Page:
Appeal from order of Court of Common Pleas of Crawford County, Feb. T., 1969, Nos. 146 to 149, inclusive, in case of In the Matter of the Appeal of the Borough of Cambridge Springs School District et al.
Patrick H. Washington, Deputy Attorney General, with him Fred Speaker, Attorney General, for appellant.
Mark D. Prather, with him Vincent J. Pepicelli, and John H. Bozic, Jr., for appellees.
Wright, P. J., Watkins, Montgomery, Jacobs, Hoffman, Spaulding, and Cercone, JJ. Opinion by Watkins, J.
[ 219 Pa. Super. Page 29]
This is an appeal by the Commonwealth of Pennsylvania from a decision of the Court of Common Pleas of Crawford County, holding that the School District Reorganization Act of 1968, July 8, 1968, 24 P.S. § 2400.1 et seq., commonly referred to as "Act 150", is unconstitutional as being a special or local law.
The court below consolidated the cases of the Borough of Cambridge Springs School District and other school districts for appeal and after hearing and argument, all their grievances with plans for reorganization by the State Board of Education were dismissed, with the exception of the constitutionality of "Act 150", supra.
If Act "No. 150" is a true supplement to the parent act of August 8, 1963, P. L. 564, Act 299, 24 P.S. § 2-290
[ 219 Pa. Super. Page 30]
et seq., then the question of special or local law is moot in the light of Chartiers Valley Joint Schools v. Allegheny County Board of School Directors, 418 Pa. 520, 211 A.2d 487 (1965), and the decision must be reversed.
Act 150, is a true supplement in title and terms and this was so held in West Homestead Borough School District v. Allegheny County Board of School Directors, 440 Pa. 113, 269 A.2d 904 (1970). While the court did not specifically have the question of the constitutionality of this act before it, it is apparent from this decision that this question was in fact considered. The court said at page 121, "A Court of Common Pleas has no jurisdiction to consider an action for an injunction, such as that presented in this case, where (1) a constitutionally valid statute provides an explicit and exclusive administrative remedial process, followed by a proceeding in the Common Pleas to review the administrative proceedings after they have been concluded, and (2) where the statutory remedy is adequate and compliance with the statutory scheme will not result in irreparable harm." And at page 123, "The constitutionality of the statute has already been sustained in Chartiers, supra."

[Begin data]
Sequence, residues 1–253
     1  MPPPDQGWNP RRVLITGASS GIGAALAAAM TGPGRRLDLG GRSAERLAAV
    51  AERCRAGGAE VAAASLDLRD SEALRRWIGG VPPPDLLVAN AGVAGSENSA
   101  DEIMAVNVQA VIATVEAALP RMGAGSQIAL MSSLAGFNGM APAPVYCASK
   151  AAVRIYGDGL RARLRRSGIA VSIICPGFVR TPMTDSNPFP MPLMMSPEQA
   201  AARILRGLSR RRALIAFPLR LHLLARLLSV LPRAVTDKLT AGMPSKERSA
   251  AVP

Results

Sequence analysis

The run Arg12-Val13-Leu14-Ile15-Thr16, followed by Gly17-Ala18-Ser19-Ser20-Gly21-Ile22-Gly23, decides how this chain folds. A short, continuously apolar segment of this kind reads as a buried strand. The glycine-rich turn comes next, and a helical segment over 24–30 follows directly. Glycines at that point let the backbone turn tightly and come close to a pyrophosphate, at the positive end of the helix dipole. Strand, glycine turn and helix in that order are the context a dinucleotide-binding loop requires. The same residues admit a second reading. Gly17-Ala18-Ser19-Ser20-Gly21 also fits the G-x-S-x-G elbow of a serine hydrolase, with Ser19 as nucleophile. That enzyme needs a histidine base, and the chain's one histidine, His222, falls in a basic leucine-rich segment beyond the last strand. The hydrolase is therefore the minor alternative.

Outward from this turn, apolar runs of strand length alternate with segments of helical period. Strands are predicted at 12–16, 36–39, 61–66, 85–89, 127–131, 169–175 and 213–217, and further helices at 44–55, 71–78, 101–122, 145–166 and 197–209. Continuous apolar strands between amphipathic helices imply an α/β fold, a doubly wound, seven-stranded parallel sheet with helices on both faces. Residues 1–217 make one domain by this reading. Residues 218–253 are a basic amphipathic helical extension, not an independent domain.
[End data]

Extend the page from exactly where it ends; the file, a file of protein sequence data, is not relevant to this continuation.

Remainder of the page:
It is clear that the additional provisions contained in Act No. 150 could have been inserted in Act No. 299 without infringing upon constitutional provisions. Most school districts were reorganized under Act No. 299. However, the immense task of considering each county plan, and the problems of each appealing school district within the plan, still remained on the Commonwealth Court dockets. It became apparent to all concerned, including the legislature, that orderly completion ...